Typically, there isn’t a large police presence at a land-use hearing. But Wednesday night’s hearing was different. There was a palpable sense of concern by law enforcement. Why? Because Wednesday night, the board was deciding whether to approve the application of Muslims to convert an old church into a mosque.

The little town of Midland Park is a middle-class suburb of New York City, just north of my hometown of Paramus. It’s home to about 7,000 residents. And now this quiet township had also become the home of an ugly mosque controversy. Unlike the Ground Zero mosque protest of 2010, this fight didn’t make national headlines or become the lead story on the nightly news. Yet to the local residents and the Muslim-Americans who desperately wanted a place of worship, it was just as important, and emotions were just as high.

The small hearing room that accommodated 60 was packed with the faces of brown and white people, while others filled the hallways and adjacent conference rooms. For the next three hours, this hearing would be the big show in this small town. And it didn’t disappoint.

At the outset of the hearing, the attorney for the mosque, sensing that the room was filled with opponents, made a simple plea to the municipal board members: “This is not a public referendum, it’s a question of law.”

He was legally correct, but that didn’t prevent local officials in Bridgewater, New Jersey from improperly preventing the building of a mosque a few years ago. The result was a lawsuit in federal court that found in favor of the mosque, although it’s currently still engulfed in the appeals process.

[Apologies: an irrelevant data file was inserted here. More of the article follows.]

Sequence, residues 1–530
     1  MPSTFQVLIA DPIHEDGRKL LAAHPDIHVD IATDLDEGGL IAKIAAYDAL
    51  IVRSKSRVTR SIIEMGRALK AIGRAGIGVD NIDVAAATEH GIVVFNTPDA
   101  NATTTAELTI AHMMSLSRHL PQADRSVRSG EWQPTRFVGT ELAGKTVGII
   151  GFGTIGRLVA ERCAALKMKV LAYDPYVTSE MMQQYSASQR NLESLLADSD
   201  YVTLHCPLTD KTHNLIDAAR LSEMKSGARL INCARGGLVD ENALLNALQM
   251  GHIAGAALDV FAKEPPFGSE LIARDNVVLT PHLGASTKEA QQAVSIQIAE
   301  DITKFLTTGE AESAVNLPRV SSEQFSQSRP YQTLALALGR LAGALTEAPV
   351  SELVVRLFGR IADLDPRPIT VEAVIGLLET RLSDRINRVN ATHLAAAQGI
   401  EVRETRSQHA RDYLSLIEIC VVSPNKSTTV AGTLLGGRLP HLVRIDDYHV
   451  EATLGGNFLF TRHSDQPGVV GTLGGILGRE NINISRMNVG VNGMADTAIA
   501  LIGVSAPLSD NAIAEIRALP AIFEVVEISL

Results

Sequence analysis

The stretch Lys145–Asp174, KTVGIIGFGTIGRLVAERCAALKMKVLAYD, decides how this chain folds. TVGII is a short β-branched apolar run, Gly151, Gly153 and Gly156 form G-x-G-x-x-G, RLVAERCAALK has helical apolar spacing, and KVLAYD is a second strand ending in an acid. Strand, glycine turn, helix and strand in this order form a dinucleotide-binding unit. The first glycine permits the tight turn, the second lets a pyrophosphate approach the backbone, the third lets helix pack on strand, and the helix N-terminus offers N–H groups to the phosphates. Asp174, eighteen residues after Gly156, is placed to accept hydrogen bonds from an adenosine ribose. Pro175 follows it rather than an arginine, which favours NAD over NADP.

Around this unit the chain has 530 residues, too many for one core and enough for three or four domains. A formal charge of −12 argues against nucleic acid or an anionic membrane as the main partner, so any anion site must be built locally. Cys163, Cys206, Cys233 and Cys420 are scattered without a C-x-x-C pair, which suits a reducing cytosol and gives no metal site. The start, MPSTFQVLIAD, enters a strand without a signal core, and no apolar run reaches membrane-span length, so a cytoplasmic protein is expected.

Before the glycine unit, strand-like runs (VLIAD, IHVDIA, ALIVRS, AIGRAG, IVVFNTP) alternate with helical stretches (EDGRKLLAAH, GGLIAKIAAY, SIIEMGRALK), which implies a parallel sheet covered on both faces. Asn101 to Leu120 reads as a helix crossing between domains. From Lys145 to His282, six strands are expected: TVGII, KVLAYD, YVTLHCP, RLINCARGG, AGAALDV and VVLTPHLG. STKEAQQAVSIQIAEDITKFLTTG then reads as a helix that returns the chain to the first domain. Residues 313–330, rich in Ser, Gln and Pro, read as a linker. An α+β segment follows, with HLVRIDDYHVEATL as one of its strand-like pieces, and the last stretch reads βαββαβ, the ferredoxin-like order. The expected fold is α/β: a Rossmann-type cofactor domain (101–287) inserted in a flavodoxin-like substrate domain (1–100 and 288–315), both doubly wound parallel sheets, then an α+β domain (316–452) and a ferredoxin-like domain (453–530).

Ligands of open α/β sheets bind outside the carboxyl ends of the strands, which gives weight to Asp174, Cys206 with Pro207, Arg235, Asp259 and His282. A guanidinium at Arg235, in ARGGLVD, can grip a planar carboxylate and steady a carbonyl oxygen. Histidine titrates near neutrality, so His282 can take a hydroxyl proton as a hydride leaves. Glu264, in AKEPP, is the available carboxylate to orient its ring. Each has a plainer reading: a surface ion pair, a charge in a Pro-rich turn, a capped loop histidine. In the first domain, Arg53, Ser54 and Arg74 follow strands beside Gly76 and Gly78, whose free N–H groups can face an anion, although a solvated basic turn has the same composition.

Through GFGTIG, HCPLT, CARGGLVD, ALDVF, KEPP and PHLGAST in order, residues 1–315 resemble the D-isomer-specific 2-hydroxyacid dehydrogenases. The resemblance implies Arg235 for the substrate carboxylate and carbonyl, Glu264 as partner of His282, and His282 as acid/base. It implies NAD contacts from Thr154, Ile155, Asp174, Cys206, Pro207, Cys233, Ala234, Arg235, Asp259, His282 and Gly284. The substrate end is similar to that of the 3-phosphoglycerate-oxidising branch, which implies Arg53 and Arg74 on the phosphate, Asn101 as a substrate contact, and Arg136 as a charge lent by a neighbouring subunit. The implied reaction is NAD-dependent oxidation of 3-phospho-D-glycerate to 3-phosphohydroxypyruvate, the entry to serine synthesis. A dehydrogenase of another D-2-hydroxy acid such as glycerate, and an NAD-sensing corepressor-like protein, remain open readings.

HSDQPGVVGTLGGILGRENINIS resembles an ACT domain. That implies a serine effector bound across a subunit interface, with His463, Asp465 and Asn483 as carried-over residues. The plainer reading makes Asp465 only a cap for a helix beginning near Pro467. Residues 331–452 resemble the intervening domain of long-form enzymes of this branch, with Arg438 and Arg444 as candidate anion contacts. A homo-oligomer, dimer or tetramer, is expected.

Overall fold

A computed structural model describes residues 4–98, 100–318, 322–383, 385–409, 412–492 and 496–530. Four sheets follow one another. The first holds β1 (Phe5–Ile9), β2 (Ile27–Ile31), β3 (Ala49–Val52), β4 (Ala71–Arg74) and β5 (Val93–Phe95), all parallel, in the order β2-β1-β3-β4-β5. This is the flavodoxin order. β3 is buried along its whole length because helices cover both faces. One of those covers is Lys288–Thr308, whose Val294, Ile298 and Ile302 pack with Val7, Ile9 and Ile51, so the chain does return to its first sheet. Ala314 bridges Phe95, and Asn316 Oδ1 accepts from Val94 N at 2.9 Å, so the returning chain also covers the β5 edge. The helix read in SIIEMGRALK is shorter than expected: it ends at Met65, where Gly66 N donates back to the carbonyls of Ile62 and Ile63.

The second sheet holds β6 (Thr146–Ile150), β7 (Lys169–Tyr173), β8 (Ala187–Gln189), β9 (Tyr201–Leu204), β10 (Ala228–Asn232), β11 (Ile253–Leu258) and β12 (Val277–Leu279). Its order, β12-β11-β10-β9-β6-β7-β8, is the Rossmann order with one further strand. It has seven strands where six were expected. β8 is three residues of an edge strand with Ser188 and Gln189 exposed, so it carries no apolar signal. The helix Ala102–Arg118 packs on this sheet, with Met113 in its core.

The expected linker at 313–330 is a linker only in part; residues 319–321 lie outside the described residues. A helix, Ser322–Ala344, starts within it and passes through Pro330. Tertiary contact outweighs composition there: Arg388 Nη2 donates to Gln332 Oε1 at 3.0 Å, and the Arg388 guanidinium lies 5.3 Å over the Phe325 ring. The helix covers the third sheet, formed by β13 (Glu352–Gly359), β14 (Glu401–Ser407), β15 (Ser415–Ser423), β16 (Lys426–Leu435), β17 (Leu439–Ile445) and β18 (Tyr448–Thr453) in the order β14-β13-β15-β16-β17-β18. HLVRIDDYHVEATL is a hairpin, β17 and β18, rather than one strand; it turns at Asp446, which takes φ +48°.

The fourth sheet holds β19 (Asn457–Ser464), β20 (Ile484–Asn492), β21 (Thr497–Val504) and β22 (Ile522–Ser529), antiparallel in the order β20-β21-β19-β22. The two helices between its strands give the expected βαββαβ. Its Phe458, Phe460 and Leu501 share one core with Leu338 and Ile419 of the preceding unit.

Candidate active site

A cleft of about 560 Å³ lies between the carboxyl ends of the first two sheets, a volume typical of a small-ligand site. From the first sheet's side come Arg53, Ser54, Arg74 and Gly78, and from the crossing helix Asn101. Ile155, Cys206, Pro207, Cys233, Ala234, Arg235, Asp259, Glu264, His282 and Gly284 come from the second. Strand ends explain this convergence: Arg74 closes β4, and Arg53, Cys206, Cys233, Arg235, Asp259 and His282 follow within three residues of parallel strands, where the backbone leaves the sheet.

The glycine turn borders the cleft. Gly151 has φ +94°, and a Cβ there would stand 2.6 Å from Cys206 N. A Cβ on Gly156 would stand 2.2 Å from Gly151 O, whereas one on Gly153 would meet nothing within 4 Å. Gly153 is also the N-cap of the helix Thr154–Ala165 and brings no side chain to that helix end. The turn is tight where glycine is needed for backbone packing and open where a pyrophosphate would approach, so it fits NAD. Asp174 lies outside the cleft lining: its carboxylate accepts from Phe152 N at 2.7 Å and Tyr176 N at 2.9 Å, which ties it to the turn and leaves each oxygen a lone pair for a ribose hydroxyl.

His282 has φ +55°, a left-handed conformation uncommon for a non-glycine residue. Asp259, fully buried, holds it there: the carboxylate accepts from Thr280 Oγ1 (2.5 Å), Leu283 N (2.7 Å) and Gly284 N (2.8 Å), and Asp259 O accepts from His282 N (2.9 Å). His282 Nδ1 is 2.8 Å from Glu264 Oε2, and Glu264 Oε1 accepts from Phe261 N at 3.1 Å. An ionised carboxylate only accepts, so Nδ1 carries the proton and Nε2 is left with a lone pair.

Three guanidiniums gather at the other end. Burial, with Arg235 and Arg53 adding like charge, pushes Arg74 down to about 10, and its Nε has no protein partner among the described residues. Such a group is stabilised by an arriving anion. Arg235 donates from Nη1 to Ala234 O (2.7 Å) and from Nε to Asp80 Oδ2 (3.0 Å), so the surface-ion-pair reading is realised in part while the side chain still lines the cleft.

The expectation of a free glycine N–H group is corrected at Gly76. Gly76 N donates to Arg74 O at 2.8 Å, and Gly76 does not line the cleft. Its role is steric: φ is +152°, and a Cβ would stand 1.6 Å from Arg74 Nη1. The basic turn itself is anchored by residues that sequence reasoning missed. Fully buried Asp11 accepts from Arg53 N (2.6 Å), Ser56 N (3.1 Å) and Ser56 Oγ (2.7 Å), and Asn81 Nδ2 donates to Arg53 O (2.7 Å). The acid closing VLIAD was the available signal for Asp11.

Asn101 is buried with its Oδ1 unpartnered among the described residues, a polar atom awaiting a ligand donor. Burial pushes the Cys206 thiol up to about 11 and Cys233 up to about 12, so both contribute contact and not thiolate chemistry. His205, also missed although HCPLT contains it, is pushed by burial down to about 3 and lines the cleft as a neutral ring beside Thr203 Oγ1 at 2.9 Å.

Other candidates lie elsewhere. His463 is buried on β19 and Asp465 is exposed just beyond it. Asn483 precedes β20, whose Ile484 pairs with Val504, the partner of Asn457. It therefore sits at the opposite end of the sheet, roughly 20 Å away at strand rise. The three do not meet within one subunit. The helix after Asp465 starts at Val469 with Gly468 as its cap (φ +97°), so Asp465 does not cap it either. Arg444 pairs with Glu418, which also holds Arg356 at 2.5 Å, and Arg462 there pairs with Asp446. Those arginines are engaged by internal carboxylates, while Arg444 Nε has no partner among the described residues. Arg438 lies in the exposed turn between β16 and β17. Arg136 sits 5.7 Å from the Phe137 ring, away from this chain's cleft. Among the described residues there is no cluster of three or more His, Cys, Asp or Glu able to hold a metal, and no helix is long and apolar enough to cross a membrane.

And then came the parade of people testifying for and against the mosque. The board members would respectfully listen, but showed little signs of which way they would decide.

“I’ve been to nine Bon Jovi concerts…I love this country.”  That was part of the emotional plea of a Muslim-American doctor in support of the mosque. When I was an attorney, I can assure you that I never heard anyone testify at a land-use hearing: “I love this country.” Such a declaration is obviously not required by law, but when you’re Muslim, you feel obligated to continually offer these types of assurances.

We heard from opponents who lived on the block of the proposed mosque. I sincerely believe they were simply concerned about traffic, not Muslims. Others opened by saying “I have nothing against Muslims,” but you could still sense apprehension—not based on malice, but more from a lack of personal exposure to Muslims.

And then something fascinating happened. Since this hearing was taking place during Ramadan, many of the Muslims had been fasting since sunrise. I’m talking 14 hours with no food. As we reached sunset at about 8:45 p.m., I could see some taking out snacks from their bags or passing around figs to break their fast. These people were celebrating their religion while at the same time fighting to exercise it.